Flat or textured top. Some mats have a flat and smooth top, while others have a textured top. Smooth tops are easier to clean (the groves or bumps on textured mats tend to trap dirt), while textured tops provide horses with better traction. Some people buy mats with a grooved bottom and then flip them over so that the grooved side is up; this is particularly done for high-traffic areas such as corridors or washing areas (where the water and soap would otherwise produce a slippery surface).
Cut to fit. Stall mats come in a great variety of sizes. However, to get a close fit, you may need to cut the mats. In this case, before buying the mats, check that they are designed to allow this.
Price. Prices vary, but as a rough indication look at 20-40 euros per square meter.
For photos of different types (interlocking, textured), see horse floor mats.
If the urine drains through the mats rather than resting on top of them, the amount of bedding which is soiled is greatly reduced. This reduces the amount of time required to clean the stall, reduces the amount of replacement bedding required, and reduces the amount of storage space required for soiled bedding.
Although all of these are important benefits, one must consider what happens to the urine after it has drained through the mats. If the surface underneath has good drainage (e.g. thick layer of crushed stone), then the urine can drain off. However, if the surface underneath is impermeable (e.g. concrete), then the urine simply builds up under the mats, where it can release ammonia into the air (which is unhealthy for horses stabled there, in particular for their lungs) and produce unpleasant smells. Although one could from time to time lift up the mats and clean underneath them, the fact remains the cleaning urine under the mats is more difficult than cleaning urine on top of them.
Consequently, depending on the underlying floor surface you may prefer that urine drains through, or you may prefer that it does not. Depending on your preference, you should chose mats accordingly: small mats drain more than larges ones (joins are closer together and there are more of them), straight edge mats drain more than interlocking, porous mats drain more than non-porous.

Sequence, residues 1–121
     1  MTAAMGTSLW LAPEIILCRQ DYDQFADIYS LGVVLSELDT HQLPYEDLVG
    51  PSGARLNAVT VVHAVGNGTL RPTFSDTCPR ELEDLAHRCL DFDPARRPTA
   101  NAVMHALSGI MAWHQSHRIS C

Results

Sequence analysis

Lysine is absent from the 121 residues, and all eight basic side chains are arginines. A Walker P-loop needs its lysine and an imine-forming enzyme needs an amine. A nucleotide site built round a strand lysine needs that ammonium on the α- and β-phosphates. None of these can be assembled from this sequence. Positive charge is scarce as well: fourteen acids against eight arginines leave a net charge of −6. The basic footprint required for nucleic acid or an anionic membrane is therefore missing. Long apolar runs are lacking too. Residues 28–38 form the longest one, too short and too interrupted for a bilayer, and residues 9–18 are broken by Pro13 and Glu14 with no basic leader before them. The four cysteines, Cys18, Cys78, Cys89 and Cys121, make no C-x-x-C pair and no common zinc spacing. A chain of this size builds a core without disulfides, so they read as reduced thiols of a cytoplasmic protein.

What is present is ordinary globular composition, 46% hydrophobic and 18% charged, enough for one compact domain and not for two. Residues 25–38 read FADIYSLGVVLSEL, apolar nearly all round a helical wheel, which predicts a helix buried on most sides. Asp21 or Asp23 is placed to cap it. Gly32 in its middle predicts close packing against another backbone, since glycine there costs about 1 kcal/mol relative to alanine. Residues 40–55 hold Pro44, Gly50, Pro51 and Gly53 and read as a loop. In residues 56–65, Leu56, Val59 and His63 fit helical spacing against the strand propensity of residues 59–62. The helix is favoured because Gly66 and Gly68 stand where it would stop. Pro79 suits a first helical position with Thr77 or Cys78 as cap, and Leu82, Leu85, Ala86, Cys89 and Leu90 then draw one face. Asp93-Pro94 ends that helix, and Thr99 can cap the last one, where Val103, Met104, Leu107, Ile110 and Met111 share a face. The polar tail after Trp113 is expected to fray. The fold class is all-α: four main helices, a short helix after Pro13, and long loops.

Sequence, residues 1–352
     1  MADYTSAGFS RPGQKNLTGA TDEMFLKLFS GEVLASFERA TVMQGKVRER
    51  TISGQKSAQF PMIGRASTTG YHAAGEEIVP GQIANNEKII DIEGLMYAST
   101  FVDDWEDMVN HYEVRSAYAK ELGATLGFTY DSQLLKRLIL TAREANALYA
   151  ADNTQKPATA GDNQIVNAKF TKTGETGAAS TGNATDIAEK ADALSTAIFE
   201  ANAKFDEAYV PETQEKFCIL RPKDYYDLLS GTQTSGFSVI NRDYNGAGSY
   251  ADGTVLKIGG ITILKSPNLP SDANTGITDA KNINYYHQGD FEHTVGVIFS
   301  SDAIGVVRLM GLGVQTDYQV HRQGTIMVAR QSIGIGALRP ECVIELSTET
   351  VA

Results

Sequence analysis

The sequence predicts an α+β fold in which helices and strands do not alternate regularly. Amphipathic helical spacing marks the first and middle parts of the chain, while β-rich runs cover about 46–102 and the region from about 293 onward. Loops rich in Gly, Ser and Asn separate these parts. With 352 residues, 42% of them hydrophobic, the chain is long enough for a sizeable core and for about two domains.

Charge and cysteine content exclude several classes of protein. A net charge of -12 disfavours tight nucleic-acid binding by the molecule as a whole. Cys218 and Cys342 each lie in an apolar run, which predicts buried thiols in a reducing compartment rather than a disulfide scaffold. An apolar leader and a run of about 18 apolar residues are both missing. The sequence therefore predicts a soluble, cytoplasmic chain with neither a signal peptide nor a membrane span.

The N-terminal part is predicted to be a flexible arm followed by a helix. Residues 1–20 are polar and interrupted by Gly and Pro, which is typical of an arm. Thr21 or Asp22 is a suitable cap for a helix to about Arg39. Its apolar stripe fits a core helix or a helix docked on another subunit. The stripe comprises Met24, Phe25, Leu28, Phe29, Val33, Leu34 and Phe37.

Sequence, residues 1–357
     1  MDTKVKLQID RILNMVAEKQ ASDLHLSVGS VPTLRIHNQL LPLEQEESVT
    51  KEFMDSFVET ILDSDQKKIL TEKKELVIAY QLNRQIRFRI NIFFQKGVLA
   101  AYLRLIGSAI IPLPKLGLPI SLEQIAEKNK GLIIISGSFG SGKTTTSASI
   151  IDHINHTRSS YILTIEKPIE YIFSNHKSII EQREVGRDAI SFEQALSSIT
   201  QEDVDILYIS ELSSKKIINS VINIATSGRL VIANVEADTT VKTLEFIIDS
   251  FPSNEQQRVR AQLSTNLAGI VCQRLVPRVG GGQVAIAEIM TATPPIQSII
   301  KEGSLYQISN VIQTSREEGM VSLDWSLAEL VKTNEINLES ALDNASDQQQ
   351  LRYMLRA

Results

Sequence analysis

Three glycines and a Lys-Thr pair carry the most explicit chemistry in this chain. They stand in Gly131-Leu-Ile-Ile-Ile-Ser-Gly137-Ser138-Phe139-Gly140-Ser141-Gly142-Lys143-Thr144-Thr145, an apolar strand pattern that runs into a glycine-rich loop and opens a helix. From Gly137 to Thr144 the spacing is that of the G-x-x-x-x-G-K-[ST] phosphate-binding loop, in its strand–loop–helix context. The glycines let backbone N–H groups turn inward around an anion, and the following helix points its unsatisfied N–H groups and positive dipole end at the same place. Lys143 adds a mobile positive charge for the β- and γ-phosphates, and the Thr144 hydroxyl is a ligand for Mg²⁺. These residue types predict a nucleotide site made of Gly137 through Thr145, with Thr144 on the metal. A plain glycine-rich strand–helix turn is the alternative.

If you decide to use mats that easily allow urine to drain through, you should consider the following:
Choose a mat with grooved or footed bottoms, so that the urine can flow off rather than being trapped.
Try to have a floor with good drainage. If this is not possible, allow the urine to run off by using a floor which is flat (no dips where urine can pool), smooth (so that liquids run easily) and with a slant so that liquids run off.
Consider choosing mats whose design and weight allow them to be easily lifted out, permitting periodical washing down of the floor underneath.
A stall with rubber mats is cleaned out in much the same way (hay fork and/or shovel) as any other stall. Many people also periodically use a water hose to wash them down periodically. If the mats have feet or groves underneath, this can also help to flush out urine that has drained through between the joints (see above discussion about drainage).
One can also use a pressure jet. While this is very effective, be careful not to hold the pressure jet immediately against the mat surface as this may damage the mat (your pressure jet manual should state the minimum distance to hold the pressure jet away from surfaces being cleaned).
If your mat must be absolutely clean, other cleaning tools that may be useful are a scrub brush, soap and disinfectant. Before using any chemical product on your mat, just the instructions provided with your mat to make sure that the chemical will not harm it.